DS News

DS News Jan 2023

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Page 61 of 83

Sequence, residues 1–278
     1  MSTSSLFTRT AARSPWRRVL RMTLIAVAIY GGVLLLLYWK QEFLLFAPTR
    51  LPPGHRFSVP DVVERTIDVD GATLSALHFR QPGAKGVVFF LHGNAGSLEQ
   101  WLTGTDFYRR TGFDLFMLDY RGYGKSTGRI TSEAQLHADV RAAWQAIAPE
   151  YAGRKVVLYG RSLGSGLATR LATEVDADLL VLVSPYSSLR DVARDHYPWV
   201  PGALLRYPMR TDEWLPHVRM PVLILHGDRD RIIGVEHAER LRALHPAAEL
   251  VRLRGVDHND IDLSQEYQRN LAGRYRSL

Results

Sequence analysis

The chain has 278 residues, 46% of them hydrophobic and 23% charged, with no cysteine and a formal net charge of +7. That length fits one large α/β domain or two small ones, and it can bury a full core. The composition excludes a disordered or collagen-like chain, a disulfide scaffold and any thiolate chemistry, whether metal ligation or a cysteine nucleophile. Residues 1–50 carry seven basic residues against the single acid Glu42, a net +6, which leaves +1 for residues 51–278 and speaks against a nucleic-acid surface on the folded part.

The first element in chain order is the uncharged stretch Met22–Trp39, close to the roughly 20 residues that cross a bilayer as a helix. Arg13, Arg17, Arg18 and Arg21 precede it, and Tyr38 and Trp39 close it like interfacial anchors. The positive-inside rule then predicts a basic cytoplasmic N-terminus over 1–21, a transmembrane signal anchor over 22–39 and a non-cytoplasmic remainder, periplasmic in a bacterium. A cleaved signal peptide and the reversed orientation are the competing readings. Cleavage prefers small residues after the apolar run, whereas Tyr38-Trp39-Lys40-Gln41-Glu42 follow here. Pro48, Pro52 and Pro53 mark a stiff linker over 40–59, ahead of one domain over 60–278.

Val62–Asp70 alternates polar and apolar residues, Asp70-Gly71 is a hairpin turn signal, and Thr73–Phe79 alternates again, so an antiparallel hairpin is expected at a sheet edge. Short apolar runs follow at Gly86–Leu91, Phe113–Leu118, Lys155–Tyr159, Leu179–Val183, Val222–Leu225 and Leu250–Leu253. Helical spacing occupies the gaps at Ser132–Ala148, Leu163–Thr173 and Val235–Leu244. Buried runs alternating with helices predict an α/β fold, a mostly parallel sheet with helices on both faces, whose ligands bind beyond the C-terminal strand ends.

60 60 60 INVESTMENT GOVERNMENT PROPERTY PRESERVATION Journal CFPB ISSUES LATEST INSIGHTS REPORT e Consumer Financial Protection Bureau (CFPB) has released an annual report that details improvements and deficiencies in the nationwide consumer reporting companies' responses to consumer complaints transmitted by the CFPB. e report includes considerations for the nationwide consumer reporting com- panies to improve compliance with consumer financial protection laws and, more broadly, to serve consumers better. "TransUnion, Equifax, and Experian routinely top the list of complaints submitted by consumers," CFPB Director Rohit Chopra said. "We will be exploring new rules to ensure that they are following the law, rather than cutting corners to fuel their profit model." e Fair Credit Reporting Act requires the CFPB to submit an annual report about complaints submitted by consumers regarding the nationwide consumer reporting companies: Equifax, Experian, and TransUnion. Today's report is based on the 488,000 consumer complaints the CFPB transmitted to Equifax, Experian, and TransUnion from October 2021 through September 2022. e findings follow last year's report that detailed failures by the nationwide companies when responding to consumer complaints submitted to the CFPB. Equifax, Experian, and TransUnion have since acted to remedy some of the issues identified in last year's report. Specifically, the CFPB found Equifax, Experian, and TransUnion have: • Changed how they respond to complaints: Equifax, Experian, and TransUnion's use of problematic response types described in last year's report has declined. Most complaints now receive more substantive responses. • Provided more tailored complaint responses: Across all three companies, most responses now describe the outcomes of consumers' complaints. In September 2022, the nation- wide companies provided a tailored response to more than 50% of complaints that were closed with an explanation or relief. • Reported greater rates of relief in response to complaints: In 2022, TransUnion reported providing relief in most complaints. Expe- rian reported providing relief in nearly half of complaints. Equifax reported that it did not provide relief, but its written complaint responses suggest that its rates of relief are comparable to the other two companies. e CFPB has highlighted other consumer reporting problems and has reminded consumer reporting companies of their obligations to consumers under the Fair Credit Reporting Act. For example, an earlier report revealed how nationwide consumer reporting companies had often allowed their processes to be used to coerce individuals to pay medical bills they may not even owe. e CFPB also issued straight- forward guidance on permissible purposes for accessing consumer reports, identifying and eliminating false and junk data, and resolving consumer disputes. Additionally, the CFPB has taken action against consumer reporting companies when they have broken the law, as well as affirmed the ability of states to police credit reporting markets. e CFPB expects the three nationwide consumer reporting companies to continue im- proving how they serve consumers. To that end, the CFPB recommends that Equifax, Experian, and TransUnion: • Consider consumer burden when im- plementing automated processes: When companies consider introducing automated processes that will affect their customers, par- ticularly those that relate to a legal right, they should consider the consumer burden, espe- cially whether a change will require consumers to do more work to exercise their legal rights. • Recognize that technology is also improv- ing for consumers: Advances in communi- cations technologies mean consumers do not necessarily need to write complaints on their own. Instead, communications technologies may ease the writing burden. Such innovations, including ones that can generate letters for consumers, may create similar-sounding com- plaints that are, in fact, from unique individuals with independent concerns. e assumption that similar-sounding letters are from third parties will increasingly be wrong. • Consider how to transition the market from control and surveillance to consumer participation: One potential reason there are so many reported inaccuracies in consumer reporting data is that consumers are several de- grees removed from their own data. Enabling increased consumer participation on the data side of consumer reporting has the potential to create a fairer market with added benefits for consumers, consumer reporting companies, and lenders.

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